HUMAN CAPITAL VS BEING HUMAN: The craft of education is slowly being hijacked by various interested parties
AS the Keeper of the Royal Seal announced that last Sunday would be the start of Aidilfitri, I received a distressed email from a colleague at Albukhary International University, describing the melancholic experiences of its Syrian students.
Some of them are worried about their family members who are in danger due to the prevailing uncertain situation in the home country. Others are gravely concerned that some of their close ones are already missing in action.
In all, the depressive mood cannot be more apparent against the background of a festive season that celebrates peace and harmony. This is further exaggerated knowing full well how secure they have been since arriving in this country; something that Malaysians think little of.
While we can be sure to blame the warring parties for the massacre in Syria and other places, it is also obvious that this is not the full story. I cannot help but recall the depth of it all from a letter written by a war victim to a teacher. It reads:
I am a survivor of a concentration camp. My eyes saw what no man should witness:
Gas chambers built by learned engineers. Children poisoned by educated physicians. Infants killed by trained nurses. Women and babies shot and burned by high school and college graduates.
So I am suspicious of education.
My request is: help your students become human. Your efforts must never produce learned monsters, skilled psychopaths, educated Eichmanns.
Reading, writing, arithmetic are important only if they serve to make our children more human.
Being embroiled in education for a number of decades now, this letter continues to haunt me each time the question "What is education for?" is raised. Admittedly, it is not about making our children more human. Today, the buzz word is "human capital", not "human being".
Why this is so can be easily gauged from the response of yet another war victim, Elie Wiesel, when he spoke at the Moscow Global Forum in 1990. He said: "It (education) emphasised theories instead of values, concepts rather than human beings, abstraction rather than consciousness, answers instead of questions, ideology and efficiency rather than conscience."
I find it difficult to disagree with this perception as "education" is slowly being hijacked by various interested parties, especially as an industry. Like the military-industrial complex of President Dwight Eisenhower (1961), increasingly today's university seems to be undergoing a similar fate.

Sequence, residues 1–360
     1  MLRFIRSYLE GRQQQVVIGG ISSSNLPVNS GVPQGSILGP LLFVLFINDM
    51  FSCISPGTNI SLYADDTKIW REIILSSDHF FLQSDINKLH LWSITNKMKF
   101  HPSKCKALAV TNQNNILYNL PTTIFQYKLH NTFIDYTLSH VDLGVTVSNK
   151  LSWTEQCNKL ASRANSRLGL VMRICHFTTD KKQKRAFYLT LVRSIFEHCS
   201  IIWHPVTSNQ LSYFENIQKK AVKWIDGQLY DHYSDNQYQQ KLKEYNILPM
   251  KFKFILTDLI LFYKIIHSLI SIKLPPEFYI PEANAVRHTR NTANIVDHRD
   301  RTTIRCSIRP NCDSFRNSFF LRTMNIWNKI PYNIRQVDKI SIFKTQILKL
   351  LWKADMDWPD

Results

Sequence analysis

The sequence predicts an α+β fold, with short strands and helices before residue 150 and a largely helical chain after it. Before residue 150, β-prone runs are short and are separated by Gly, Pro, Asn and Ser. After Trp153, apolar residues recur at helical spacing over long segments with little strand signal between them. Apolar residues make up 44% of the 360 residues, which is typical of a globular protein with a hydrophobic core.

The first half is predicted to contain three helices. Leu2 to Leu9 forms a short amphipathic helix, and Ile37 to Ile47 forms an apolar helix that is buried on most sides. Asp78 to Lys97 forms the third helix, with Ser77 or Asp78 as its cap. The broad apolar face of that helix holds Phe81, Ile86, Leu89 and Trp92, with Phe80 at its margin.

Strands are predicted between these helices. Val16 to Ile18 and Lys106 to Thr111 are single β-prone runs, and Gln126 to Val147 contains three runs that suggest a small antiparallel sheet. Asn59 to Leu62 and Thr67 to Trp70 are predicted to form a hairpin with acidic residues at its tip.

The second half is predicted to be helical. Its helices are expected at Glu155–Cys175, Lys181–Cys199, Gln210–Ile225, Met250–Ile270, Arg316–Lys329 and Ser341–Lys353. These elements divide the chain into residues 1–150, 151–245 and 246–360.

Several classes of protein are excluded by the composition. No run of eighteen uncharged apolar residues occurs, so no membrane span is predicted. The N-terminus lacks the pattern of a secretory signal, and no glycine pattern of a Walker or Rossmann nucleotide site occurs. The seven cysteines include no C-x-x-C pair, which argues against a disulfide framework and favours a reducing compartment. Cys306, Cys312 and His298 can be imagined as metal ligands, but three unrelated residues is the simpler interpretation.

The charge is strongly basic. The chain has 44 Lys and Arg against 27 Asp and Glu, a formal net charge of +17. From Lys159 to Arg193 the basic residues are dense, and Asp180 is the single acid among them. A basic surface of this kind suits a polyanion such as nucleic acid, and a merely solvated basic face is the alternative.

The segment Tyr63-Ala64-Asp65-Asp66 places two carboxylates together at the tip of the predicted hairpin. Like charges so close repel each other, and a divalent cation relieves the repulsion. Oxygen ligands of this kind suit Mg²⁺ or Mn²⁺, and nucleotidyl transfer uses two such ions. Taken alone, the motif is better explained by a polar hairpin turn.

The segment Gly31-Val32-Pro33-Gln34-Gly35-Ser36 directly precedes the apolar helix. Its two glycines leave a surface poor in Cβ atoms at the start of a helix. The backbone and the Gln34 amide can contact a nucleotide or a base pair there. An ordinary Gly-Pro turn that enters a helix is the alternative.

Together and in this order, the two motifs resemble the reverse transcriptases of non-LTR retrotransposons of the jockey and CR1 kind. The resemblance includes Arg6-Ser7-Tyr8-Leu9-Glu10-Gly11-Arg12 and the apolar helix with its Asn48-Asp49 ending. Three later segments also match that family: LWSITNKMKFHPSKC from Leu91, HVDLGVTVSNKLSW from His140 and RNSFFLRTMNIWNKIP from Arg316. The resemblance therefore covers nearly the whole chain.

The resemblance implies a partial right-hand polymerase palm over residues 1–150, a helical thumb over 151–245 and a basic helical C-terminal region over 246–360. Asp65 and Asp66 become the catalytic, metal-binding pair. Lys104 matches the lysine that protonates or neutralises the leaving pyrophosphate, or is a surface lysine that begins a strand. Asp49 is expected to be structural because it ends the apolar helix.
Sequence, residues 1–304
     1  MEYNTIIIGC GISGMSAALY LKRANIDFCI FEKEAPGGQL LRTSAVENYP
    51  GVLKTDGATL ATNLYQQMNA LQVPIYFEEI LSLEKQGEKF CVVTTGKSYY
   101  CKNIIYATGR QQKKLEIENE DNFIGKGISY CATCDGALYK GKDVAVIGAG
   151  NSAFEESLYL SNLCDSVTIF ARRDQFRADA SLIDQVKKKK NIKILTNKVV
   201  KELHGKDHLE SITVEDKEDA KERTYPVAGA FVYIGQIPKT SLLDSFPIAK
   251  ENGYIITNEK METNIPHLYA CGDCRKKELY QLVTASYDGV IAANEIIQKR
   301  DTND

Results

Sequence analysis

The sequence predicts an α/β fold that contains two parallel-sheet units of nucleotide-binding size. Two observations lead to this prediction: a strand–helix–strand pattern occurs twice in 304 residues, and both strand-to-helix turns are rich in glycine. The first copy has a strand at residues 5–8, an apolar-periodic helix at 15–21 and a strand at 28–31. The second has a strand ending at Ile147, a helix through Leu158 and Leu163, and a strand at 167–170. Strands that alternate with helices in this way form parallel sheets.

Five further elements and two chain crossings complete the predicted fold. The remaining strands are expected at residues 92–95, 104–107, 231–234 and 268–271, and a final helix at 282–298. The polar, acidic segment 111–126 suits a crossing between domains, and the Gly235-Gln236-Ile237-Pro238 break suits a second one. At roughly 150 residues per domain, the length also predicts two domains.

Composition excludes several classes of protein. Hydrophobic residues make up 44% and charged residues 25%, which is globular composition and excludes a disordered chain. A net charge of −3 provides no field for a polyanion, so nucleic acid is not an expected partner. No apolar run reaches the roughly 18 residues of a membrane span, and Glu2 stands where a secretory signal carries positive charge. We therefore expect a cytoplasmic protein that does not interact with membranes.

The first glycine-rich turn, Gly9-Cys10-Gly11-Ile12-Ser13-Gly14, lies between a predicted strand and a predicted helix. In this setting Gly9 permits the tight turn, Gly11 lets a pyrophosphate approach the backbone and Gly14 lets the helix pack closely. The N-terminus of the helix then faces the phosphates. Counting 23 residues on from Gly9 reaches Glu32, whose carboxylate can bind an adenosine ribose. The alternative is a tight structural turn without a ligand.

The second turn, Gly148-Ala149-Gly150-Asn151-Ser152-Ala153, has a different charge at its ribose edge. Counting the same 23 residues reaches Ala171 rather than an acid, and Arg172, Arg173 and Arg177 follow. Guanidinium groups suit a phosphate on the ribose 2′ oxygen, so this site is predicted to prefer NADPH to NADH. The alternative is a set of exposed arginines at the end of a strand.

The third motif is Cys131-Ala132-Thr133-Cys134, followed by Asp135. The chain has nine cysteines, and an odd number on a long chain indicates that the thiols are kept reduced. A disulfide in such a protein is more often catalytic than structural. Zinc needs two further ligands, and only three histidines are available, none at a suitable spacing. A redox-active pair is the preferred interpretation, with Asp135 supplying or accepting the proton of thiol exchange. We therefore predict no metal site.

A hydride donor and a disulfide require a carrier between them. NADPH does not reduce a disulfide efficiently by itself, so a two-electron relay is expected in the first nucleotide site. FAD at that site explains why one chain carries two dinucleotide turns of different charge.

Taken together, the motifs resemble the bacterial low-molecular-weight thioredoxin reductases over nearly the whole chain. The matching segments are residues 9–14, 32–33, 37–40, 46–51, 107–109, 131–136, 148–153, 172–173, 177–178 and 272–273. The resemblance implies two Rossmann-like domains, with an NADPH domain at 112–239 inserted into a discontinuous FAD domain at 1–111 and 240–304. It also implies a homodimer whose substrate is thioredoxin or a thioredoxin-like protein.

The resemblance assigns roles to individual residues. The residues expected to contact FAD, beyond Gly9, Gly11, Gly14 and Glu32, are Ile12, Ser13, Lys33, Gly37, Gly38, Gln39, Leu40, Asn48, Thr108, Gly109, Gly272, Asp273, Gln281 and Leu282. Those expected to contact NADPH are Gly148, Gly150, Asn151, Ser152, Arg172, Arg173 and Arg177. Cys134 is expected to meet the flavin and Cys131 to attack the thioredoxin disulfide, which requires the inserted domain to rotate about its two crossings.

The difference is that while the former feeds into a "war-for-profit" modus operandi, the latter is prone towards "education-for-profit". In other words, profitability in the guise of "human capital" comes first instead of the state of humanity -- be it in war and education today. More often now, the two serve the interest of each other.
Innovation is tactically fast-tracked as the main business of the education-industrial complex with profitability, through commercialisation, being the ultimate good. Innovation is indeed the bedrock of advanced weaponry, to make killing more precise and seemingly invisible.
It is now an open secret that much of the scientific advancement that we see today piggy-backed on sophisticated war technology, from lasers to the Internet.
As educational institutions get more and more competitive in marketing themselves, they begin to adopt several techniques well known for promoting and sustaining wars.
War-related jargon is now invading the education sector too, with its own notion of "global strategy" and "strategic alliances" to "recruit" talents as part of a long-term "mission". Many, too, have their version of "war rooms" where all this is clandestinely conceived and tracked. To be sure, these were all alien to education before the days of Otto Adolf Eichmann, one of the vicious war criminals against humanity.
Hence, unless we dare to reclaim the true ethos of education that upholds humanity and human dignity rooted in virtues that nourish humanitarian values universally, we will be fighting a losing battle to bring peace and harmony through education.
We need to work harder, beginning with the awareness created by Syria's bloody anarchy -- because it is not possible to stop violence, what more waging wars, if the education system fails to extricate itself from being turned into subtle tools of global war machines.
The worst would be if citadels of learning are the places to spawn violence, ranging from bullying to gunning down fellow students, instead of havens of learning to live together, as long advocated by one of the United Nations Educational, Scientific and Cultural Organisation's four pillars of learning.
Unfortunately, we are still a long way off in translating peace and harmony into tangible learning goals and outcomes if we have no interest in learning how to live together!
By DZULKIFLI ABDUL RAZAK | firstname.lastname@example.org Source: New Straits Times Columnist 25 August 2012